• Steve Wynn and Opportunity Zones: Former RNC finance chairman Steve Wynn met with Mnuchin and his team about a proposal that could reduce his personal tax burden months after he was forced to sell his stake in his casino empire amid sexual misconduct accusations. The Wall Street Journal’s Richard Rubin and Alexandra Berzon report: “Mr. Wynn met with senior Treasury officials on June 4 to discuss ‘opportunity zones,’ a break that was part of the 2017 Republican tax overhaul...Mr. Wynn … attended the meeting in the Treasury building with Daniel Kowalski, a counselor to [Mnuchin] who was helping write opportunity-zone regulations. Mr. Mnuchin stopped by the meeting to greet Mr. Wynn, according to a copy of the secretary’s calendar that the department periodically releases.”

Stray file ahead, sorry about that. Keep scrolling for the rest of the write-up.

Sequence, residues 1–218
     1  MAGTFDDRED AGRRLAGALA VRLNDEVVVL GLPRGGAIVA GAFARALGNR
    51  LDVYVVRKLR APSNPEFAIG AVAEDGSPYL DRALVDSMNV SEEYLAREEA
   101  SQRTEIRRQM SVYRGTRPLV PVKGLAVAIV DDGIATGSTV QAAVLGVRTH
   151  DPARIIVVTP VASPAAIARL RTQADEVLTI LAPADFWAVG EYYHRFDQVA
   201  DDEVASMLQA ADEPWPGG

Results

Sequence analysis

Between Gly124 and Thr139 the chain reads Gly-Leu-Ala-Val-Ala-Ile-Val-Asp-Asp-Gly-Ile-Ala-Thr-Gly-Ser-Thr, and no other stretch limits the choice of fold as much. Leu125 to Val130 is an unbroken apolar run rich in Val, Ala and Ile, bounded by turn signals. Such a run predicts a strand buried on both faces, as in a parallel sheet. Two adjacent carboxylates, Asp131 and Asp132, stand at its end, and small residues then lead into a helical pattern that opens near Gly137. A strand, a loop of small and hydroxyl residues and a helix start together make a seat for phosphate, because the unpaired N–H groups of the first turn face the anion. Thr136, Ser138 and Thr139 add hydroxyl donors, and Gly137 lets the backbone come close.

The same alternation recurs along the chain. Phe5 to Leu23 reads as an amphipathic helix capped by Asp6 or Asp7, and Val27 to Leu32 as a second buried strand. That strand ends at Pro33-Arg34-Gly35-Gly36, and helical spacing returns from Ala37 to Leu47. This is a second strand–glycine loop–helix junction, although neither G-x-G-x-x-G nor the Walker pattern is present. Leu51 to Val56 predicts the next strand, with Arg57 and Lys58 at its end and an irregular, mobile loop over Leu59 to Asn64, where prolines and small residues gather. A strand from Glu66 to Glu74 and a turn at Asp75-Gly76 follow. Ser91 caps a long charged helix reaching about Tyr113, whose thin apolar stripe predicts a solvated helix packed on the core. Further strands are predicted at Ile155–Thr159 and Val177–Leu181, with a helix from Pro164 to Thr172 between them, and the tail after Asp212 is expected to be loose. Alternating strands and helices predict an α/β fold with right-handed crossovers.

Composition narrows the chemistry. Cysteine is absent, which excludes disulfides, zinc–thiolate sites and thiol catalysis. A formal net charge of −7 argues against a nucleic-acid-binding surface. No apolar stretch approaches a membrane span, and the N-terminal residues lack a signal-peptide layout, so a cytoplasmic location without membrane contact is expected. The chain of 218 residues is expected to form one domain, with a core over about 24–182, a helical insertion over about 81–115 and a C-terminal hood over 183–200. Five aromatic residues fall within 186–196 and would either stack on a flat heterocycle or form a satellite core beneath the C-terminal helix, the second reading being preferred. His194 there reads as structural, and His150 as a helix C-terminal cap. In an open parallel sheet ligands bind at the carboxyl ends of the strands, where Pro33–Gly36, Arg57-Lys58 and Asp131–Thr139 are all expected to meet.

2. Health

According to an NBC exit poll from the 2018 midterm election, health care is Americans’ primary policy concern. Health care costs in the US continue to rise and many Americans are struggling to keep up. These costs remain higher in the United States than in any other developed country. The underlying reasons are multifaceted and cannot be solved unilaterally. However, there is significant evidence that foul play and neglect is contributing to the cost crisis.